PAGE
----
Format

Send to

Choose Destination
Plant Physiol. 2007 Jan;143(1):461-72. Epub 2006 Nov 17.

Insights into the role of specific lipids in the formation and delivery of lipid microdomains to the plasma membrane of plant cells.

Author information

1
Laboratoire de Biogenèse Membranaire, Unité Mixte de Recherche 5200-Centre National de la Recherche Scientifique-Université Victor Segalen Bordeaux 2, BP 33076 Bordeaux cedex, France.

Abstract

The existence of sphingolipid- and sterol-enriched microdomains, known as lipid rafts, in the plasma membrane (PM) of eukaryotic cells is well documented. To obtain more insight into the lipid molecular species required for the formation of microdomains in plants, we have isolated detergent (Triton X-100)-resistant membranes (DRMs) from the PM of Arabidopsis (Arabidopsis thaliana) and leek (Allium porrum) seedlings as well as from Arabidopsis cell cultures. Here, we show that all DRM preparations are enriched in sterols, sterylglucosides, and glucosylceramides (GluCer) and depleted in glycerophospholipids. The GluCer of DRMs from leek seedlings contain hydroxypalmitic acid. We investigated the role of sterols in DRM formation along the secretory pathway in leek seedlings. We present evidence for the presence of DRMs in both the PM and the Golgi apparatus but not in the endoplasmic reticulum. In leek seedlings treated with fenpropimorph, a sterol biosynthesis inhibitor, the usual Delta(5)-sterols are replaced by 9beta,19-cyclopropylsterols. In these plants, sterols and hydroxypalmitic acid-containing GluCer do not reach the PM, and most DRMs are recovered from the Golgi apparatus, indicating that Delta(5)-sterols and GluCer play a crucial role in lipid microdomain formation and delivery to the PM. In addition, DRM formation in Arabidopsis cells is shown to depend on the unsaturation degree of fatty acyl chains as evidenced by the dramatic decrease in the amount of DRMs prepared from the Arabidopsis mutants, fad2 and Fad3+, affected in their fatty acid desaturases.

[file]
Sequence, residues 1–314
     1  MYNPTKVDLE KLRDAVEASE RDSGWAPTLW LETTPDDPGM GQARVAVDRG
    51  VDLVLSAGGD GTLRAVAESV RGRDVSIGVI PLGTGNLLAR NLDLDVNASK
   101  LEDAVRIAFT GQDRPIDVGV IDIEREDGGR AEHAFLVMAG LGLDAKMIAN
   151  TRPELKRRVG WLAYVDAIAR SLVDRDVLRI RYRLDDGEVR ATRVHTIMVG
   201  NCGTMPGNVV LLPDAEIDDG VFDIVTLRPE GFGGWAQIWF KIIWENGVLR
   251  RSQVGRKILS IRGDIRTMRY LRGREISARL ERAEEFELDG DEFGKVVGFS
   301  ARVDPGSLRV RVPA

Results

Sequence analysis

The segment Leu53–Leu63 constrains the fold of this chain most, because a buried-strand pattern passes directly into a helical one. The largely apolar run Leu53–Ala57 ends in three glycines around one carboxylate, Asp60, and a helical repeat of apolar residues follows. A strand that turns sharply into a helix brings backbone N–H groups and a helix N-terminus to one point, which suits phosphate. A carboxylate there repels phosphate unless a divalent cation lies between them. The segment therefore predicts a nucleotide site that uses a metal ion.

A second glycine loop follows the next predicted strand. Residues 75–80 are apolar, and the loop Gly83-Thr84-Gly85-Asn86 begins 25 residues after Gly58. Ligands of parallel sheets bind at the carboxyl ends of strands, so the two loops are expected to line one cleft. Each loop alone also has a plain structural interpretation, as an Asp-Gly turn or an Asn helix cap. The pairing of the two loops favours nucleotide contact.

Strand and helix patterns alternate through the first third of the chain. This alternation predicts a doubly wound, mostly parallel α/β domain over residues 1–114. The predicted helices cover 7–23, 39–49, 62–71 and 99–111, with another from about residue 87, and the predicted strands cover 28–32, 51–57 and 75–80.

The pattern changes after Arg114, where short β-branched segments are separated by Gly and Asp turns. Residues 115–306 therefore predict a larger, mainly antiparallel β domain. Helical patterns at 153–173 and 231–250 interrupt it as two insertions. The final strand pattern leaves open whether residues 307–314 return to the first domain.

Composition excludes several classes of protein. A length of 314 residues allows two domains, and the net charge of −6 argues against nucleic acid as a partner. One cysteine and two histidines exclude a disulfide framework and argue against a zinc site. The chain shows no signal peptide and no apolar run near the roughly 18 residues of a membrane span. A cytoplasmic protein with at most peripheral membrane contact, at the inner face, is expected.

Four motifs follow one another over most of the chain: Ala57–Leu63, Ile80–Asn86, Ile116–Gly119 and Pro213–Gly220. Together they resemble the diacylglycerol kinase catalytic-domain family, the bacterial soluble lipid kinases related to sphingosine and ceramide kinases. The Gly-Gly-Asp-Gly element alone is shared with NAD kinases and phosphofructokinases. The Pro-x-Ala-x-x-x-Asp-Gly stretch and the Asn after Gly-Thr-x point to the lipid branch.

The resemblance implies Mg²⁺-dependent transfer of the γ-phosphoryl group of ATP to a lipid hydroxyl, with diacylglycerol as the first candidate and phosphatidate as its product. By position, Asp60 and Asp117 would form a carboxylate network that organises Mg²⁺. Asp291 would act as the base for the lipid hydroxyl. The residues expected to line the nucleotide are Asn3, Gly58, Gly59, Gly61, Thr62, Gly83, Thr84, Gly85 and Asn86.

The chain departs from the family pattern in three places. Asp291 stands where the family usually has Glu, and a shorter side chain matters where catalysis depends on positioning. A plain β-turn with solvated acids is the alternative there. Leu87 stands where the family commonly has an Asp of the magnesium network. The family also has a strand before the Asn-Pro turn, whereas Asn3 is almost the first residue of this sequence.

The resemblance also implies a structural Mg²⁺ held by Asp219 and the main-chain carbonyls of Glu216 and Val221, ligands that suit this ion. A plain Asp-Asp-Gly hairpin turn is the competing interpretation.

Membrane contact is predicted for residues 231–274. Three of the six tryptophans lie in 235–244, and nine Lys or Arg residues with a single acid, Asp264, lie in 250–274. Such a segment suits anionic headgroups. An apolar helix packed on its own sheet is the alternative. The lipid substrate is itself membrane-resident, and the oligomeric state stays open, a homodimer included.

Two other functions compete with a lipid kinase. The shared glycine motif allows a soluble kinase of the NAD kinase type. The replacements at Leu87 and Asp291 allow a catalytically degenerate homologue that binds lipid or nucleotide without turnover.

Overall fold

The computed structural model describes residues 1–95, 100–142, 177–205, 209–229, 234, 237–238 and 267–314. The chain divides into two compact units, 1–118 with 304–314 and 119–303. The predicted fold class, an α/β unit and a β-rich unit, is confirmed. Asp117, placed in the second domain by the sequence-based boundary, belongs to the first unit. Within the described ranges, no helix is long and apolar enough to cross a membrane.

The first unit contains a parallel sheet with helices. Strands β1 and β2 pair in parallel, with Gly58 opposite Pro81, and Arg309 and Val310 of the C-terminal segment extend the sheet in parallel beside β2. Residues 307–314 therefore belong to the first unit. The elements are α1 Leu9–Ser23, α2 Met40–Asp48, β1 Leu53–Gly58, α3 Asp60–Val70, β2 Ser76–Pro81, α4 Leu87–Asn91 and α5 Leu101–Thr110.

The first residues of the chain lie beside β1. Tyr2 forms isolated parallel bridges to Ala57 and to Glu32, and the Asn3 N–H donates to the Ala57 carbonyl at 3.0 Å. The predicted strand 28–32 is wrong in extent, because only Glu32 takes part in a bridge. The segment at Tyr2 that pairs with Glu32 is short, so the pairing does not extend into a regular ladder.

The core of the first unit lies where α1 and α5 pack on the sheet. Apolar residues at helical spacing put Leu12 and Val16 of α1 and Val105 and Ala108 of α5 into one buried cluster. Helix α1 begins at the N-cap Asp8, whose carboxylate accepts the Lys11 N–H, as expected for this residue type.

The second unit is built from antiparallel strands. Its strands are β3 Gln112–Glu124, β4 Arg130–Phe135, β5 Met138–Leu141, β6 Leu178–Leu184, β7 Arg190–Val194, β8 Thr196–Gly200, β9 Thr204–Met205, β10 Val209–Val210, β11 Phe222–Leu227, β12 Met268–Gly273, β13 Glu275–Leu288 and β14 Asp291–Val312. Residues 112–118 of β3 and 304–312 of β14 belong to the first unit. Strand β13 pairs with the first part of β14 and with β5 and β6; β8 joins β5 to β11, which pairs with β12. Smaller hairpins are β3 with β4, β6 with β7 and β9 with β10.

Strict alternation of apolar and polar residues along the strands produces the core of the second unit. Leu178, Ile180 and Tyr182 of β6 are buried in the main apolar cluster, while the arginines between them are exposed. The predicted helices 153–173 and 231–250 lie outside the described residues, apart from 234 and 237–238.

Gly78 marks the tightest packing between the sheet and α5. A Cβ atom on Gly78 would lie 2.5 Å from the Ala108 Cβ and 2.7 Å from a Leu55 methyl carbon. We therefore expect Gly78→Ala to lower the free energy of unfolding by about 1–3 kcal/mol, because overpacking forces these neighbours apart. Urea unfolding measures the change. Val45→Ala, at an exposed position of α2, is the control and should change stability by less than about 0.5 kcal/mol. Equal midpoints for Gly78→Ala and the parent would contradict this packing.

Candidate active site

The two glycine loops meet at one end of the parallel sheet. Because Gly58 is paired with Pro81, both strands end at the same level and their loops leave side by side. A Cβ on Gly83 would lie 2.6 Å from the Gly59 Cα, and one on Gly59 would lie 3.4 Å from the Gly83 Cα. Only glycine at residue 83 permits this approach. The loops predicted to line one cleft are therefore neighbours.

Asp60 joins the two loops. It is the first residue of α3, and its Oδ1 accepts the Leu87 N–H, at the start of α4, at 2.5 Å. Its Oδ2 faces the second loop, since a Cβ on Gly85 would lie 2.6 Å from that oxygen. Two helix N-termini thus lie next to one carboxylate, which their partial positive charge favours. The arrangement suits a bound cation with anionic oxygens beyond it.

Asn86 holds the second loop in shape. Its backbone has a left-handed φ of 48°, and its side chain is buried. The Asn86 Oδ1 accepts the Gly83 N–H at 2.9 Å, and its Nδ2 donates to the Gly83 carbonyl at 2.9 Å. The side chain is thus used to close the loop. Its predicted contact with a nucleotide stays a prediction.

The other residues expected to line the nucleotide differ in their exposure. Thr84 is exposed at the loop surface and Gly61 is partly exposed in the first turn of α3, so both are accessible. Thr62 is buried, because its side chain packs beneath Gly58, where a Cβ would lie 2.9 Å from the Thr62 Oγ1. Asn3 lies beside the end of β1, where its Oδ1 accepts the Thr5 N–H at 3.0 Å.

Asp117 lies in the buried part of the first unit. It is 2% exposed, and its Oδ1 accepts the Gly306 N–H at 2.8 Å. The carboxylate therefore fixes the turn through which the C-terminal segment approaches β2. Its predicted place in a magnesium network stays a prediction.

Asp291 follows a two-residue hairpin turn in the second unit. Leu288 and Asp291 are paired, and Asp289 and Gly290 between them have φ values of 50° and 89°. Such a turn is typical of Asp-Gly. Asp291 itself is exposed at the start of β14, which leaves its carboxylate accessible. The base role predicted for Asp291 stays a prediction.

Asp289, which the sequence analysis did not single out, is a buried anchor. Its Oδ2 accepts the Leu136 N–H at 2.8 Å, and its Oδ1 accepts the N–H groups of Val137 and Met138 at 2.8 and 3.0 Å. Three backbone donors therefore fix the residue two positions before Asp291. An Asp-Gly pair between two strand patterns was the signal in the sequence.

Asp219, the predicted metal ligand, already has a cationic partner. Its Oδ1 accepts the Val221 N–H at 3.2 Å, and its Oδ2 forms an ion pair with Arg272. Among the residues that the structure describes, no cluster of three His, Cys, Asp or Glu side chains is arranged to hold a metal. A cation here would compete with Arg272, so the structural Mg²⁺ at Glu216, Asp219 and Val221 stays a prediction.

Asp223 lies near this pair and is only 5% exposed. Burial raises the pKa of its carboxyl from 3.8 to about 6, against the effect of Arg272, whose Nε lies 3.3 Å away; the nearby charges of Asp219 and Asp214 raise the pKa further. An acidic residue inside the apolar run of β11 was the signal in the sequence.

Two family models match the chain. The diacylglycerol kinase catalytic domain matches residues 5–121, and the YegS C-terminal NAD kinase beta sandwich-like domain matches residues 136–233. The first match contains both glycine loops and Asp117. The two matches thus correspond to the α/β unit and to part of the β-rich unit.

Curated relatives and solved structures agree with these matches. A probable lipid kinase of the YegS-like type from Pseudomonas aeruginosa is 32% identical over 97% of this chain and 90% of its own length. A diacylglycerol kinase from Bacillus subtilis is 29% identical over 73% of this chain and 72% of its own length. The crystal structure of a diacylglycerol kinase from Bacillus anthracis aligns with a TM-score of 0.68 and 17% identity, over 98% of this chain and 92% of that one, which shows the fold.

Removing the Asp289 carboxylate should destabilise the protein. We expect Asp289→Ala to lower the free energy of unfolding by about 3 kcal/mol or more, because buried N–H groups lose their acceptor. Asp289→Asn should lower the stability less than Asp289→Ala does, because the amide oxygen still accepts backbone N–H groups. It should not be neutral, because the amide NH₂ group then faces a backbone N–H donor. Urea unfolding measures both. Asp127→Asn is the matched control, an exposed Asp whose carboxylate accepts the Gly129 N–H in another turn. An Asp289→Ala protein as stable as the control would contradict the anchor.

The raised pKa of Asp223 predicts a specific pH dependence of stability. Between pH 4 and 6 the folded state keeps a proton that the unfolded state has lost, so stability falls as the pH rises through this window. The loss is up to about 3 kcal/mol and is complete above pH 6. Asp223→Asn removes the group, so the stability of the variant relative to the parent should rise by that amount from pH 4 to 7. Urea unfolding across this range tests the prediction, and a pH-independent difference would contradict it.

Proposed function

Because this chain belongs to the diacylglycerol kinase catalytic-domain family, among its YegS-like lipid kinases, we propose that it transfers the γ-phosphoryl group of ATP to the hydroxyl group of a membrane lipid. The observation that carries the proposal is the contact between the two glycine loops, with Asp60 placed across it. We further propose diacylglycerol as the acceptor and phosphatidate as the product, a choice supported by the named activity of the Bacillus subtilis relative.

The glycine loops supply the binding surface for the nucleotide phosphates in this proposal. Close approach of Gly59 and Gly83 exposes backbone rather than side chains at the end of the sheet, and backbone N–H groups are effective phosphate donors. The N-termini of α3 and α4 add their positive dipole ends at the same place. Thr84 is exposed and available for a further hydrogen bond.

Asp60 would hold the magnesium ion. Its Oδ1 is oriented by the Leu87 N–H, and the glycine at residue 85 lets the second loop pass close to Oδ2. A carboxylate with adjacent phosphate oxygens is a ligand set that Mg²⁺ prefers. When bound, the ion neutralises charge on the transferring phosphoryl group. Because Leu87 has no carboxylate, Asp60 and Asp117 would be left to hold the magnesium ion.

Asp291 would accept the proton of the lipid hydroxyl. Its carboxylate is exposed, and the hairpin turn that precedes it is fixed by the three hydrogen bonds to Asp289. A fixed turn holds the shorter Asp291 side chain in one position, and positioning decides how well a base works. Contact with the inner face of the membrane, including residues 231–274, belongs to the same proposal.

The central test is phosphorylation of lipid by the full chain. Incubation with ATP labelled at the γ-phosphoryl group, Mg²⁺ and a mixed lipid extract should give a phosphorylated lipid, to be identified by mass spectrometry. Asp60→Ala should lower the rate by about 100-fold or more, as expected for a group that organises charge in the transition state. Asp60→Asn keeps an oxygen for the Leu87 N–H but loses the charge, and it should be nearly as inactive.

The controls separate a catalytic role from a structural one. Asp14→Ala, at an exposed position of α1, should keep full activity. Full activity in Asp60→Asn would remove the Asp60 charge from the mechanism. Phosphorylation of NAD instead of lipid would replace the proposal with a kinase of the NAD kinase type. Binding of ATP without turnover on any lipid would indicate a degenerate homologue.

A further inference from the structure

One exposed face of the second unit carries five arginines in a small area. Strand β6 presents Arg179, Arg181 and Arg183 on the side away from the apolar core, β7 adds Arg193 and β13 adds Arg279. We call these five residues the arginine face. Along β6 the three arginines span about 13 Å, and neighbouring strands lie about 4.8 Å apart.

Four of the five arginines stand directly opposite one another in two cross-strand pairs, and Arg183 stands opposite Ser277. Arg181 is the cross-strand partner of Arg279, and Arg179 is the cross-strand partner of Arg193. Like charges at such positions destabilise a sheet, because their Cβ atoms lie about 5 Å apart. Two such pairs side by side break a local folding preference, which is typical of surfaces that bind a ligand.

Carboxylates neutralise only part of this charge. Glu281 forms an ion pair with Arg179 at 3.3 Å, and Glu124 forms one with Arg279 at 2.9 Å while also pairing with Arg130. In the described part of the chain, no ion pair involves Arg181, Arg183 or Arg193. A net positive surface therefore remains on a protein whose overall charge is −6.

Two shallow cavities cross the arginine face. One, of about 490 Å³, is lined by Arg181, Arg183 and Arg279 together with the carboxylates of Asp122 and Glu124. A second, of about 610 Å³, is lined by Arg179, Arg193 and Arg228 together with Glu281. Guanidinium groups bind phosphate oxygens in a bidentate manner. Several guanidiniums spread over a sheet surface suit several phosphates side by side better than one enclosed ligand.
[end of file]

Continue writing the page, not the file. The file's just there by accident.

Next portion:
PMID:
17114270
PMCID:
PMC1761958
DOI:
10.1104/pp.106.091496
[Indexed for MEDLINE]
Free PMC Article

Supplemental Content

Full text links

Icon for HighWire Icon for PubMed Central
Loading ...
Support Center